Disruption – Early warning signals
‘Polycrisis’ seems to be an innocuous conversational term used to enable elites to recognise like-minded associates within public settings. It is increasingly used by those whose self-worth hangs on whether they will be invited to Davos in January. I suspect the new word of the year will be along the lines of hypercrisis, Industry x.0 or polytrust. Levity aside, we do appear to be living in disruptive times.
The question is whether disruption is on the increase, peaked or in decline. No one knows. The future is unknowable. But what we can do is study variables that are indicative of disruptiveness. So for example your general wellbeing declining over time is indicative of at least some level of personal disruption. Increasing acts of civil disobedience in your local town may be indicative of larger scale disruption. An increasing number of meteors, of increasing size, hitting the Earth may indicate that peak disruption, at least for mammals, is imminent.
Here are some variables you might choose to track to build your own picture of how disruption is trending locally and globally:
Or cost management, is a way to do more with less. It is also a way for a dying business to masquerade profit. At a personal level, it is a sign that we must cut our cloth in accordance with rising prices. Timewise, it might indicate that we are trying to distract ourselves by doing more, perhaps to block out an increasingly uncomfortable reality. At a corporate or government level, it is suggestive that the organisation has run out of ideas. Ultimately efficiency reduces each action to an inhuman transaction and that leads us down a path to losing our humanity.
If you sense that you are losing control of your life, it is because someone else is gaining control of it. It might be an indicator that the economic and social divide is widening. Or it may be that your employer is tightening the reins as it races towards the cliff edge.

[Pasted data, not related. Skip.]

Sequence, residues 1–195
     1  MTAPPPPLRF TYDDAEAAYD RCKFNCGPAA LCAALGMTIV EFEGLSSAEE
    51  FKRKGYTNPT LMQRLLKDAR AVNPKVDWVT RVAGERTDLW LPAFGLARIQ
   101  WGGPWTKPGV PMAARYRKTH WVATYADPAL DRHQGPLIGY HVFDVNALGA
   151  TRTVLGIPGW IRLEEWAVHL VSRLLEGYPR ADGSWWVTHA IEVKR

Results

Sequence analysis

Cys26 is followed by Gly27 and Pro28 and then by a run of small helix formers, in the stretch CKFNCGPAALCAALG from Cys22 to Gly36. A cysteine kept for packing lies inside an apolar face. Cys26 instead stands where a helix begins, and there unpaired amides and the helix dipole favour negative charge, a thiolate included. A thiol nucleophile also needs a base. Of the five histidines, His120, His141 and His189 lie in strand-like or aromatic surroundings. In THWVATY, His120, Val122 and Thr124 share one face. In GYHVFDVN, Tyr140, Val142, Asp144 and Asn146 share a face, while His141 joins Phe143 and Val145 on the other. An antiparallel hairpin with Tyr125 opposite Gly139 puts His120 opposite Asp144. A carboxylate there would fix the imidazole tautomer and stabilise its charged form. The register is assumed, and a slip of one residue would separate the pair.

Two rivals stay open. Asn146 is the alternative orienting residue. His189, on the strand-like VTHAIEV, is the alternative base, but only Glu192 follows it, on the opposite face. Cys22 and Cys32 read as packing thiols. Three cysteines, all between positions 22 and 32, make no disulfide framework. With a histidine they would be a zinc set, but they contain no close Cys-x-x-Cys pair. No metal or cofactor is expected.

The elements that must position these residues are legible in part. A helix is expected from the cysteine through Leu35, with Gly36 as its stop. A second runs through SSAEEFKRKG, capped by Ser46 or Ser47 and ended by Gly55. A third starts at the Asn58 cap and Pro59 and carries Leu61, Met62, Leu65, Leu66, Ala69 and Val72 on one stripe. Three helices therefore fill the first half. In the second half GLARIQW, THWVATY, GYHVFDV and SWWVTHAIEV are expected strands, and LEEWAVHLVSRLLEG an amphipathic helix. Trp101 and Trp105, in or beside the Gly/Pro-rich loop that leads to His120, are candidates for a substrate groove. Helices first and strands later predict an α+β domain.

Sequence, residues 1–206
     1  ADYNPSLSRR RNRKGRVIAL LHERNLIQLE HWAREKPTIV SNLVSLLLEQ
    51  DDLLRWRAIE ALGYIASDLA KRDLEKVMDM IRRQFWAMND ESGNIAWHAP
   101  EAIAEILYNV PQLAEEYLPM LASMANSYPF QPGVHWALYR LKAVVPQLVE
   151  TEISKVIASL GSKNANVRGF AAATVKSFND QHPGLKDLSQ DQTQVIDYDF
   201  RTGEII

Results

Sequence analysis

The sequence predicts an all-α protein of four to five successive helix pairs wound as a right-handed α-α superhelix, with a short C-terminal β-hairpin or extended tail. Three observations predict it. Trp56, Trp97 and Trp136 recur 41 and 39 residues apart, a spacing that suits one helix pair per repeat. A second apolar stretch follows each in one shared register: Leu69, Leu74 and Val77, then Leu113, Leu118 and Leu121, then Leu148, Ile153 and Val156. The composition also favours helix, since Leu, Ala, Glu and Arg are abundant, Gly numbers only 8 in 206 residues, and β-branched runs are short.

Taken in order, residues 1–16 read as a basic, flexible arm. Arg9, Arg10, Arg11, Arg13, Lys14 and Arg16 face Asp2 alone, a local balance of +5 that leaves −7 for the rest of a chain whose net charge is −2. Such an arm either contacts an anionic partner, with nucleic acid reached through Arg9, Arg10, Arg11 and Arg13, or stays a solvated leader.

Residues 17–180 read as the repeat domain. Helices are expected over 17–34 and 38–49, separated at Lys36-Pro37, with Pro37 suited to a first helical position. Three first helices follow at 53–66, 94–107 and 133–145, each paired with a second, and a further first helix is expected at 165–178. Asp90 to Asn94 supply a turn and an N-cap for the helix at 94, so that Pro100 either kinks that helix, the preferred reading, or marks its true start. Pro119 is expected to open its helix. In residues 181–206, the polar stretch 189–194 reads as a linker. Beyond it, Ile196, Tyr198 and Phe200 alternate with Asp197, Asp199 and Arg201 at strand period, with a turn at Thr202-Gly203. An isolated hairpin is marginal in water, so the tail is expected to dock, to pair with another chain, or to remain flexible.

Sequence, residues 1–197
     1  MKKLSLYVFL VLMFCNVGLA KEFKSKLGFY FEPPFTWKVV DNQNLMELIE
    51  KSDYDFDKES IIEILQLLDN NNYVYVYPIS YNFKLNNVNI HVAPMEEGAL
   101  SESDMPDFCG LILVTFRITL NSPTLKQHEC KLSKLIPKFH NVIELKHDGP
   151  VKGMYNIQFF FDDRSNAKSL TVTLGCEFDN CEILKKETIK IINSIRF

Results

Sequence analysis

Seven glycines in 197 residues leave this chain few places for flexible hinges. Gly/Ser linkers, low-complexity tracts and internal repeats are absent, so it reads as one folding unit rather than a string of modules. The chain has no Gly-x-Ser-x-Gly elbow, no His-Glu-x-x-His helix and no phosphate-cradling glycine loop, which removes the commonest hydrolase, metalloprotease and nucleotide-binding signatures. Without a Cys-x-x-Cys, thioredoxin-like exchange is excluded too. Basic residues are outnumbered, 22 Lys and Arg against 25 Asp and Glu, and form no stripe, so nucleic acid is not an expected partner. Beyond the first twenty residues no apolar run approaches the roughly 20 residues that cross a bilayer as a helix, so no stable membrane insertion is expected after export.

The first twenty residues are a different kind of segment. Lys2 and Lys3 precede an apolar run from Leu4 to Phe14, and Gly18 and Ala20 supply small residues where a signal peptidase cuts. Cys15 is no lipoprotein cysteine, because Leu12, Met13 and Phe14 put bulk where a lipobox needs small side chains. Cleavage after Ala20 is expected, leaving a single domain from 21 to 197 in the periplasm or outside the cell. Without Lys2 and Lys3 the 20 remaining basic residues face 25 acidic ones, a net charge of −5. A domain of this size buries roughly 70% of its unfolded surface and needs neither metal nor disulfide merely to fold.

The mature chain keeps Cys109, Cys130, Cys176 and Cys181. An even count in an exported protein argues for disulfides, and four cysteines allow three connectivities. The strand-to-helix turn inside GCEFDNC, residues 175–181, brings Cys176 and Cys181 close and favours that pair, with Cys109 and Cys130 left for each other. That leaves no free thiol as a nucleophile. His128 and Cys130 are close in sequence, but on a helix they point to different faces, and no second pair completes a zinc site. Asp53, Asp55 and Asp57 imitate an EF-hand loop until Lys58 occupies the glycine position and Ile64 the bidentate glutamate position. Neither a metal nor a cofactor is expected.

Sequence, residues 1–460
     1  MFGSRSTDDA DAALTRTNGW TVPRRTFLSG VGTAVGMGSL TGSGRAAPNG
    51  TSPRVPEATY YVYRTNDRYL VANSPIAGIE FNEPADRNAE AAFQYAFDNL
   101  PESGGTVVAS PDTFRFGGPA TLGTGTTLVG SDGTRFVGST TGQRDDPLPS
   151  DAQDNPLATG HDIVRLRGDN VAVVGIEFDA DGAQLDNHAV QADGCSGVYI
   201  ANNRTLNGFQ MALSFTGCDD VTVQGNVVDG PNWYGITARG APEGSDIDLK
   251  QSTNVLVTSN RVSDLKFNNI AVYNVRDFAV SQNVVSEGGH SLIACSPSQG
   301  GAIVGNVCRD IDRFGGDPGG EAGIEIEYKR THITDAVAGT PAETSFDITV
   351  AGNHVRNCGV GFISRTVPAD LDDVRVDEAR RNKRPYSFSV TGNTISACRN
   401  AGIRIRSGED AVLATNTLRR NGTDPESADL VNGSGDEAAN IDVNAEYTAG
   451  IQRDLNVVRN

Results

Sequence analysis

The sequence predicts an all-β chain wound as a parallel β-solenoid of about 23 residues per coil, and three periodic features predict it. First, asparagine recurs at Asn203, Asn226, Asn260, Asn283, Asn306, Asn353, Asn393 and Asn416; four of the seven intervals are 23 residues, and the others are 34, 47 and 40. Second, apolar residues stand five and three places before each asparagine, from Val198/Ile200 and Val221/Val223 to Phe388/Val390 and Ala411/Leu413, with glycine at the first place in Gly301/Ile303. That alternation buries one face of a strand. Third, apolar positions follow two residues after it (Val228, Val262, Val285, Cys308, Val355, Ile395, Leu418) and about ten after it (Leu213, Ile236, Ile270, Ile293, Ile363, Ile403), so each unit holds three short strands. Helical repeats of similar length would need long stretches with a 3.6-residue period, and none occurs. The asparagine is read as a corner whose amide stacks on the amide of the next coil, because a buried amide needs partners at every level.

People lose interest in the wellbeing of strangers when they feel society / their community is not working well for them. Given we are social animals, this drift towards self-centredness is indicative of mental unwellness and this in turn leads to a sick society.
A growing sense of urgency makes us less intelligent. Eventually we burn out, but in the meantime, we miss opportunities and threats because we are so focused on the current task that we forget to pay attention to our environment. Such a perma-urgent disposition would transform us into prey on the savanna.
There is a lot to be said for growth. It is a sign of life. Many of us seek personal growth. However if you are hearing lots of talk about growth, but at the same time are not feeling it, then this is another indicator that you, and likely many others, are on the wrong side of the socioeconomic divide. If shareholders continue to insist on growth then we may have to find a new planet to pillage.
Increasing inflexibility in the decision making of our leaders is an indicator of their insecurity. They are grasping a comfort blanket of sorts in respect of applying old approaches to what will increasingly be new scenarios. Increasing fundamentalism and dogmatism on social media will be an indicator that the algorithm sponsors are taking charge of the discussion.
An absence of certain species such as frogs and bees are an indicator of major food supply problems ahead. The growth in corporate DEI functions is an indicator that the leadership team think this is a departmental issue and in turn will create an organism that will naturally not rush to bring about its own demise. Thus continuing to stoke socioeconomic unfairness.
Like DEI, if we see a growth in the usage of this randomly assembled term it will indicate that corporations similarly see sustainability as a (fashionable) detail of the business rather than the lens through which the business must be managed. This has existential consequences for all stakeholders.
If you find that increasingly there is less of a demand for you to think deeply, perhaps because you have an app for every situation, eg. Google Maps or Chat GPT, then neurologically you will start to shut down. Being less intelligent will make the world seem more disruptive than it actually is.
An increase in the number of futurists popping up at conferences or in the media is an indicator of the extent to which the future is knowable. I suspect that they will soon be declared a protected species.
Collectively, these ten indicators might be considered a heuristic technique for developing your own world view on disruption’s trajectory.
Given we are not immune from disruption, it might be wise to think of yourself as a pilot. When the plane is in freefall, it is best focus on acting rather than being enthralled by the altimeter.